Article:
GTA Online’s Adversary Mode Craze

It seems that lowriders aren’t the only recent trend in GTA Online which have been a bit overwhelming for fans. While some dissenting voices could be heard in the past as well, the recent reveal of the In And Out Adversary Mode coming on the 3rd of May garnered a pretty negative public response.


Rockstar has been hot on the release of new Adversary Modes for GTA Online since the fall of last year. We’ve seen standalone Adversary Mode updates even before Halloween’s Slasher mode. Ever since, Rockstar has released countless Adversary Modes, either on their own or as parts of larger DLCs.

The ideas the developers come up for these competitive GTA Online game modes are creative, varied and more often than not extremely intuitive. Slasher adapted the good old style of the Manhunt games, Offense Defense and Running Back managed to capture the feel of American Football (handegg?), but with cars. Modes like siege mentality are eternal classics and Sumo is a new fan favorite.


However, despite Rockstar’s best efforts with unique design, taking the risk of thinking outside the box and the generous double RP and GTA $ events, there are a few issues with Adversary Modes that just don’t make them as fun as they could be.

The biggest issue isn’t even something Rockstar can control: population. Most Adversary Modes work best with a full or almost full lobby. However, the number of players who go for the modes is pretty poor. You’d be surprised at how many players don’t know how to access the modes, or even that they exist (this isn’t exaggeration – just check Reddit).


Adversary Modes with few players are either unbalanced or just not fun. What’s the point of Slasher if there are few victims? In the case of uneven numbers, what chance does the smaller team have in Offense Defense, or any other team based mode? Where does the novelty of Every Bullet Counts go when there are fewer players than bullets in each gun?

Another issue is something Rockstar could remedy, however it might not be the best business strategy. Adversary Modes, even during double GTA $ promos, just don’t pay very well. Even if you’re on the winning side, you reward will be a fraction of that which you earn in other jobs, let alone heists.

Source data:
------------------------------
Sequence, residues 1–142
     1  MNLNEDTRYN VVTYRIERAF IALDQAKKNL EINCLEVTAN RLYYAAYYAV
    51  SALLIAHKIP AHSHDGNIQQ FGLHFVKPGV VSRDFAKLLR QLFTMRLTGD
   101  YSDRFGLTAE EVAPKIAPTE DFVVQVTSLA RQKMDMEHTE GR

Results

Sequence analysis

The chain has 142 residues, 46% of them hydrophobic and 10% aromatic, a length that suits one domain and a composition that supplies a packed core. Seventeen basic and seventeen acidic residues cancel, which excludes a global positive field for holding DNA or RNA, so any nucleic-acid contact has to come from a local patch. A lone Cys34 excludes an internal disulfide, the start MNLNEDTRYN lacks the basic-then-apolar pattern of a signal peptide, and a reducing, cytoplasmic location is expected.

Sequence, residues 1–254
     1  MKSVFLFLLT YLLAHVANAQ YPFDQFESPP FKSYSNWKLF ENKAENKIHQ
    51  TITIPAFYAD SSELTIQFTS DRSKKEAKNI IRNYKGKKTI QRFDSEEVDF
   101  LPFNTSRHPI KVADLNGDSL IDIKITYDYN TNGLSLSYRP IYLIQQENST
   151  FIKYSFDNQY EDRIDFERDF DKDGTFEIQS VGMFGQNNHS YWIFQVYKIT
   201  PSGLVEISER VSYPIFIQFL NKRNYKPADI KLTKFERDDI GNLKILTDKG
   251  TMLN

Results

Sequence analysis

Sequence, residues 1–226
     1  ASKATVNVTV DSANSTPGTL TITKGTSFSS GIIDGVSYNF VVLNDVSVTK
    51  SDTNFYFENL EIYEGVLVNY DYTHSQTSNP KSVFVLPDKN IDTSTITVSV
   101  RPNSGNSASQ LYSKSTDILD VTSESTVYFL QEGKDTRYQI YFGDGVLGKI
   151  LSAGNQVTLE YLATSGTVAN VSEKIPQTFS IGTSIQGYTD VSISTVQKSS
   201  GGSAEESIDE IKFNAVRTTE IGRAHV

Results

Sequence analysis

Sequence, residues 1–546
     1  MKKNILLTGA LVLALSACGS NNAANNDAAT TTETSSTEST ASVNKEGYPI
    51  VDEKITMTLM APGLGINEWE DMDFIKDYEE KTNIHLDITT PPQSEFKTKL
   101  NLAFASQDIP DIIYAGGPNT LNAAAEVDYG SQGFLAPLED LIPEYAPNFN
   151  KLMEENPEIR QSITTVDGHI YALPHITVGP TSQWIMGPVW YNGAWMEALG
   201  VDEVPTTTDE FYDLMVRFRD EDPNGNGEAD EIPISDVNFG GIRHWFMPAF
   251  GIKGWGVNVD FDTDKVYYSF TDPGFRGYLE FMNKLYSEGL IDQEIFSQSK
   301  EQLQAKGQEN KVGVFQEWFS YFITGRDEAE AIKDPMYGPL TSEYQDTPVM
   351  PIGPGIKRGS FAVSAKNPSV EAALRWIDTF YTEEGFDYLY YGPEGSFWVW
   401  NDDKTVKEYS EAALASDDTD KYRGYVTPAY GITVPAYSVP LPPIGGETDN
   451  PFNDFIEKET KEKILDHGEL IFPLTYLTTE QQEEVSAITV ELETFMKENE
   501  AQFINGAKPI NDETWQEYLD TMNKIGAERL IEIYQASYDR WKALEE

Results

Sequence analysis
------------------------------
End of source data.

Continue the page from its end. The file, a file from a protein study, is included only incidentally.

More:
However, considering how important a source of income Shark Cards are, giving players a quick, easy and fun way to earn cash would make buying Cards less appealing.

Before anyone cries foul, remember that all the free DLC Online is getting is primarily funded by the cash coming from Shark Card sales.

This second cause may be one of the causing factors of the first. Ramping up the payouts just a little, to make them capable of competing with other jobs would be enough to drive up player count.


However the creation of Adversary Modes from a developer’s perspective has several advantages. Adversary Modes are relatively easy to make with existing assets, but allow for the team to let their creativity loose in terms of gameplay. We’ve seen the kinds of approaches to multiplayer via Adversary Modes that were never done before. Several of the modes are pure novelty, contributing to the gaming industry as a whole on a transcendental level.

More importantly, if the players would actually play them, they would be the perfect small updates to tide over the community between large scale GTA Online DLCs.


Anti Adversary Mode rumblings were heard back before the Lowriders update. Well, you saw what that go you – three lowriders spread out across three weeks. And people we pissy about that too…

If GTA Online’s Adversary Modes were more populated and paid better, would you play more of them?

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